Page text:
What is Bitcoin Cash (BCH)?
Bitcoin Cash was launched in August 2017 as a fork of the original Bitcoin (BTC). In November 2018, Bitcoin Cash itself forked, resulting in Bitcoin Cash ABC (now known simply as ‘Bitcoin Cash’) and Bitcoin SV (BSV). Compared to the original Bitcoin, BCH offers faster, cheaper transactions.
The original fork was the result of a disagreement in the Bitcoin mining community over the future direction and focus of the cryptocurrency. In a nutshell, those who stuck with the original Bitcoin the crypto mainly as a store of value, or ‘digital gold’, whereas those who drive the Bitcoin Cash hard fork envisioned it more as a medium of exchange – a type of digital cash.
Although the hard fork caused some bad blood in the Bitcoin community, and there were teething problems, Bitcoin Cash remains a well-supported and widely accepted crypto – although lagging far behind the original Bitcoin. High-profile backers include entrepreneur Roger Ver (a.k.a. ‘Bitcoin Jesus’) and Chinese billionaire and co-founder of Bitmain, Jihan Wu.
Today, Bitcoin Cash is widely regarded as a major altcoin, and has proven itself to be reliable and secure – its lower fees and faster speeds making it popular for online retail and gaming.
Bitcoin Cash (BCH) Basics
Although both Bitcoin and Bitcoin cash are proof-of-work blockchains that share many similarities, there are some major differences.
Bitcoin Cash Blockchain
One of the main differences between Bitcoin and Bitcoin Cash is that the former has a block size of 1MB compared to the latter’s 32MB. Additionally, while the original Bitcoin implemented SegWit, allowing a second later transaction network, Bitcoin Cash did not.
Bitcoin Cash Mining
Like Bitcoin, Bitcoin Cash relies on a proof-of-work consensus mechanism to secure the network. Also, like Bitcoin, to profitably mine BCH you now need to use dedicated ASIC machines and have access to cheap electricity – which is why only large mining companies or pools, who benefit from scale, can do it.
Bitcoin Cash (BCH) Supply
Again, like the original Bitcoin, Bitcoin Cash has a limited supply of 21 million.
Bitcoin Cash (BCH) Adoption & Usability
Although Bitcoin Cash is more useful for everyday transactions, thanks to its lower fees, it is far less popular than Bitcoin. Illustrating the gulf between them, at the time of writing in November 2022, the market capitalization of BTC was around $317 billion, compared to BCH’s $2.1 billion.
One of the reasons for BCH being far less popular is the infighting that surrounded both the original hard fork and the subsequent hard fork that gave rise to Bitcoin SV. This divided the Bitcoin community and saw most developers stick with the original. Despite this, BCH is still relatively widely accepted as a payment method by online retailers and service providers.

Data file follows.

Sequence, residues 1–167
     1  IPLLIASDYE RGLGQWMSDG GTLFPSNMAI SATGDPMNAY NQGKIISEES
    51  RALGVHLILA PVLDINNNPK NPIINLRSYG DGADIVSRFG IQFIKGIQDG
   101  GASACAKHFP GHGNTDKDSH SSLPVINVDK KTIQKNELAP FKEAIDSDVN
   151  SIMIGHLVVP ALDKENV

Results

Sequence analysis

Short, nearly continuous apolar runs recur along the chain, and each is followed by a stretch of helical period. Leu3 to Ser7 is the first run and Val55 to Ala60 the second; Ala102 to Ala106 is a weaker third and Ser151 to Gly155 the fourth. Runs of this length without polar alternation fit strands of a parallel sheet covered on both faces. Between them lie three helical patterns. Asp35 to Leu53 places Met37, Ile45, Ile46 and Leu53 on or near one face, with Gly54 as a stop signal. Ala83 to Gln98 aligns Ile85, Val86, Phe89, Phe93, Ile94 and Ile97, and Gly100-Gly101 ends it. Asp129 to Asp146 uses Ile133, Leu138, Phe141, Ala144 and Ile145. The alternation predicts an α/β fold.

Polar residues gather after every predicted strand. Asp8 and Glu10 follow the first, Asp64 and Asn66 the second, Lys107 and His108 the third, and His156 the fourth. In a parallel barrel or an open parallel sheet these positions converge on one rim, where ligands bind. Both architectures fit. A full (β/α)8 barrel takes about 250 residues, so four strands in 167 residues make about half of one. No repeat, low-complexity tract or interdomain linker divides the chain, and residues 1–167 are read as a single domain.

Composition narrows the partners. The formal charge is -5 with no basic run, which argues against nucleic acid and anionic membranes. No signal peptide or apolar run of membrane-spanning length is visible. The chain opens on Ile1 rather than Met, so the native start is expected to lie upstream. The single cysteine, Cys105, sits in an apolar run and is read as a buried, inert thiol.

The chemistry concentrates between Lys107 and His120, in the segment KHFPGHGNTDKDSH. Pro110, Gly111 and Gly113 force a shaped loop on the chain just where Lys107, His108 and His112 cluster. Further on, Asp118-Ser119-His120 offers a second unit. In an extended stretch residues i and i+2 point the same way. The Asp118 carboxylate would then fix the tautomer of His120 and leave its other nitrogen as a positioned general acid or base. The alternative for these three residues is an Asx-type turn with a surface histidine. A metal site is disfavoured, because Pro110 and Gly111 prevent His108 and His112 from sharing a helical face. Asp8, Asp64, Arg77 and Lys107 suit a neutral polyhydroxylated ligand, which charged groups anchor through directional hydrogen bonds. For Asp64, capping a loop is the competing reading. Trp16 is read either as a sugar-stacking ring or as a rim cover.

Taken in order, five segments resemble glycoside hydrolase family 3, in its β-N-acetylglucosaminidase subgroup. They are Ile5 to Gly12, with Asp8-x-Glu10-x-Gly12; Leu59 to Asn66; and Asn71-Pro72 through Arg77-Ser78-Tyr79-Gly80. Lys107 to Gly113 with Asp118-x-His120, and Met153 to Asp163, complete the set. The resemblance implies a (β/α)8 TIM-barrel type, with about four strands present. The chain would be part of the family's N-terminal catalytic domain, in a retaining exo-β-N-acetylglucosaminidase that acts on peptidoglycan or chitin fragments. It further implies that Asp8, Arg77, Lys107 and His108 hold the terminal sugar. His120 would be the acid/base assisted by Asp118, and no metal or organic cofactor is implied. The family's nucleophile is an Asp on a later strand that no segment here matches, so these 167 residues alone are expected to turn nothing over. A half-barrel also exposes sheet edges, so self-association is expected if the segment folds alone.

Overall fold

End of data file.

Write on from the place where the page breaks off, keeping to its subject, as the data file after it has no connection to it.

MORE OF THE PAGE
Bitcoin Cash (BCH) Fees & Speed
The average transaction fee on the Bitcoin Cash network is just a fraction of a cent – making it orders of magnitude cheaper than Bitcoin. However, when it comes to transaction times, the network is comparable to Bitcoin. Although a transaction can be processed in 10 minutes, it can take up to 150 minutes for it to be fully confirmed and thus irreversible.
Bitcoin Cash Security and Safety
Because it uses a proof-of-work consensus mechanism and is fully decentralised, many people consider Bitcoin Cash to be inherently more secure than proof-of-stake cryptos. However, compared to the original Bitcoin, BCH’s smaller network does make it, theoretically at least, more vulnerable.
Still, as always, the biggest threats to security and safety come when using your BCH with third-party applications, like exchanges and wallets.
Security and safety tips:
- Don’t leave your BCH on-exchange for longer than absolutely necessary. If you are not currently trading, transfer them to a local wallet for short-term storage or staking.
- For long-term storage or staking, keep your crypto in a hardware wallet.
- Always keep your wallet keys in multiple safe places – they cannot be recovered.
- Never tell anyone about your crypto holdings. No matter how secure your storage is, if you or your loved ones are physically threatened, you’ll probably hand over your personal keys.
Despite dropping from just under $760 to less than $210 within days of launching in August 2017, Bitcoin Cash nevertheless rocketed to over $3,785 by mid-December of the same year. However, it then crashed, hitting just under $77 on 16 December 2018. After a more modest bull run in 2021, which saw BTC approach $1,550 in May, it had dropped back down to just over $110 by November 2022.
Final Word on Bitcoin Cash (BCH)
Bitcoin Cash is one of those projects that evokes a lot of passion in the crypto community – both in support and opposition. Both those who stuck with the original Bitcoin and those who later broke away to support Bitcoin SV consider it to be irrelevant and assume it will fade into obscurity. And, it has continued to slide down the rankings as newer cryptos take market share.
On the other hand, Bitcoin Cash still has a decent following of very loyal supporters, and is one of the more prominent and widely accepted altcoins. The question is, how far will Bitcoin’s ‘original’ bloodline take it, and will the community innovate further?